The Protestant Archbishops of Tuam prior to the disaster of the Great Potato Famine 1845-1848 were content to live in peace alongside their Catholic neighbours. The position changed, however, under Bishop French (1819-1839) and Bishop Plunkett (1839-1867) both who pushed vigorously for the conversion of Irish Catholics and supported the activities of Protestant missionary societies. In fact Bishop Thomas Plunkett was so enthusiastic he was willing to ordain Irish speaking converts who would help Rev. Alexander Dallas at Doon.
The first station
As the mission station at Doon was the first of Dallas’s stations, it was used as a showpiece for fund raising purposes, and attracted many Protestant visitors from Ireland and England. It was renamed “Castlekerke” after the nearby castle on Lough Corrib.
Support for Dallas’s Mission
Dallas’s efforts were supported by the “ Special fund for the Spiritual Exigencies of Ireland”, administered by a committee under the chairmanship of the Duke of Manchester; in 1849 it changed its name to “The Society for the Irish Church Missions”. Further support from Bishop Plunkett led to the establishment of six additional mission stations at – Ross, Glann, Cornamona and Glengowla.
Success of the Missions
The missions appear to have achieved some temporary success by 1851, for instance, even Catholic sources acknowledged that 140 of the 150 families in Glann had become Protestant. Indeed by 1852 the society was able to boast of ten missions responsible for 42 mission stations with a total of 173 workers (ordained missionaries, lay agents, Bible readers and teachers) and 39 schools. The missions were Castlekerke, Lough Mask, Oughterard and Glann with two ordained missionaries, six readers and four teachers.
What was a “Station”?
A station was a building, usually a schoolhouse, but sometimes, as at Oughterard a church where the Bible could be read and religious service could be held. The missionaries at the time made strong claims as to the number of converts. Attendances at the services in Doon schoolhouse, were said to number some hundreds, and the numbers attending the school made necessary the building of a special schoolhouse boat, to supplement the old ferry boat taking the children from the Oughterard side of the lake. In fact, 1852 the building of a new school began at Cappanalaura, Glann, the ruins of which can be seen to day on the Forestry road below Butler’s residence. The Bishop of Tuam laid the corner stone of the school on the 19th of August and the school itself was to be licensed for religious services and was to hold up to 400 persons. This seems an extraordinary number given the size of the local population and one must also remember that there was also another Protestant school in Glann. The extra school children presumably came from the Maam Cross direction.
A visitor named J. G. Mc Walter, gives his impression of the local people and their religion. Of particular interest to him were the customs of the locals concerning their local holy well – St Feichin’s Well at Drumsnauv. “A short time before the year 1845 the people of this interesting district were all Romanists, sunk in ignorance and wallowing in all the vices and degrading superstitions of the apostasy. They assembled at the holy well, near the present parsonage, as at a fair, often tearing the hair from their heads and knotting it as a token of their visits, on the neighbouring bush branches, which were literally covered with bits of red rags to remind the patron saint of cures still unperformed. They assembled on Sundays mornings to play at cards for whiskey, and after a quickly mumbled Mass they hurried away to the card tables again, seldom separating without a fight”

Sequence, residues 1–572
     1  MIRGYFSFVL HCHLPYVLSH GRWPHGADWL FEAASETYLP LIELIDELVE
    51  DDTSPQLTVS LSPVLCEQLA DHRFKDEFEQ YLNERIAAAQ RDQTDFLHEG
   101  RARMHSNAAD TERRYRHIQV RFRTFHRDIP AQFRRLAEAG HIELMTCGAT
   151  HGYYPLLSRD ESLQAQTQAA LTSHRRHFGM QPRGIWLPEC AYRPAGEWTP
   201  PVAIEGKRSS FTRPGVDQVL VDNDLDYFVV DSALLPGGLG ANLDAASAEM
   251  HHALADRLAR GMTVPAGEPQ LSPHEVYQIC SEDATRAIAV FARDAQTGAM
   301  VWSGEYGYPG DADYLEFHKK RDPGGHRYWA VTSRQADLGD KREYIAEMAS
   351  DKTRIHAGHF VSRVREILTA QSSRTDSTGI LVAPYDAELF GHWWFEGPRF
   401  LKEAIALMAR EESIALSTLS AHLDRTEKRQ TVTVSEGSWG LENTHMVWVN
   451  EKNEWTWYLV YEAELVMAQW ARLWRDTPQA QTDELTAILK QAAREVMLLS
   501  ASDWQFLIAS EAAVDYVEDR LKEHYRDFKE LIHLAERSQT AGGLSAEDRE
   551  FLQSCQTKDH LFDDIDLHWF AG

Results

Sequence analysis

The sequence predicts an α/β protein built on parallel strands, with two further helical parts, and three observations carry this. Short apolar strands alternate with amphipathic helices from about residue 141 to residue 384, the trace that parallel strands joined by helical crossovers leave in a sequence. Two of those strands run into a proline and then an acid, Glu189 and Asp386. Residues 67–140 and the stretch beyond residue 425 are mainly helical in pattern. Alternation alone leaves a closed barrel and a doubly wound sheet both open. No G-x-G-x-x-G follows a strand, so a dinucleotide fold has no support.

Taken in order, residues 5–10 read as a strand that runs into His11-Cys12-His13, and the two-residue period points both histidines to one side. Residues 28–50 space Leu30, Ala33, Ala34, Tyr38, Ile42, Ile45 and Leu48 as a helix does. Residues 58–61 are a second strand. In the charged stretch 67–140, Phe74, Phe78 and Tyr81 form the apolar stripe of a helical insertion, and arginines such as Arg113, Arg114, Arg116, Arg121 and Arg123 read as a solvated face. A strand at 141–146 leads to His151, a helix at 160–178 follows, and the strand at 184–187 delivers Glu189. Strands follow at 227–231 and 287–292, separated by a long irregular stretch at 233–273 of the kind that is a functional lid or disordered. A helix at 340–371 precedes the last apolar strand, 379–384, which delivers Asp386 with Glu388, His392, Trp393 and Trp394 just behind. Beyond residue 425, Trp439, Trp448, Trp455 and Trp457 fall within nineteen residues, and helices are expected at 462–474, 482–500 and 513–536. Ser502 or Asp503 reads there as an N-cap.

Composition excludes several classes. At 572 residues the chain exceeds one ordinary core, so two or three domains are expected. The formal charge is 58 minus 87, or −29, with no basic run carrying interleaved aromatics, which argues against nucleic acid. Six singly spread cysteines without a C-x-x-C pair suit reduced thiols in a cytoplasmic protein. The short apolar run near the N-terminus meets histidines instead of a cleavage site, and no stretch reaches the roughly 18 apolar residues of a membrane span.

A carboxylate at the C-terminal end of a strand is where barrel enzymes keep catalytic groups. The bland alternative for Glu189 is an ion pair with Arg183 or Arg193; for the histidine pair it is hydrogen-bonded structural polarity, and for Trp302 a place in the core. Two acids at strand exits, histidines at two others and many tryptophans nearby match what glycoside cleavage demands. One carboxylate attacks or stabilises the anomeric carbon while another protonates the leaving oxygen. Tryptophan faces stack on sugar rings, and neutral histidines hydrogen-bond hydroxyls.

Rev. John O Callaghan’s Account 1851
“ A few years ago the people of this place were sunk in ignorance and superstition – fond of drinking and fighting – but they are now surprisingly intelligent, peaceable and all, more or less, acquainted with God’s word. Of the hundreds of converts in this neighbourhood, there has not been one convicted of any crime for the last three years. So late, as Sunday week some Romanists, who were drinking in a sheebeen – house not far from this quarrelled, and one man was stabbed and badly wounded; and on every court day there are trials for fighting, stealing etc. on the part of the Romanists; while there has not been a single case of any quarrelling or fighting among the converts.”
The missionaries’ report largely ignores the fact that a famine was raging while their efforts were at a height. Yet, Dallas himself described the housing conditions in the area as follows:” The shelving of the mountain is dotted with little stones covered with a thatching of straw, or haulms, or turf sod… little better than the burrows constructed by the neighbouring rabbits – indeed, some of the huts, seen from a distance. seem like such holes magnified a few times. ”From these descriptions of extreme poverty of the people one can easily imagine why thepeople of this region were enticed by the spiritual and temporal aid offered by Dallas.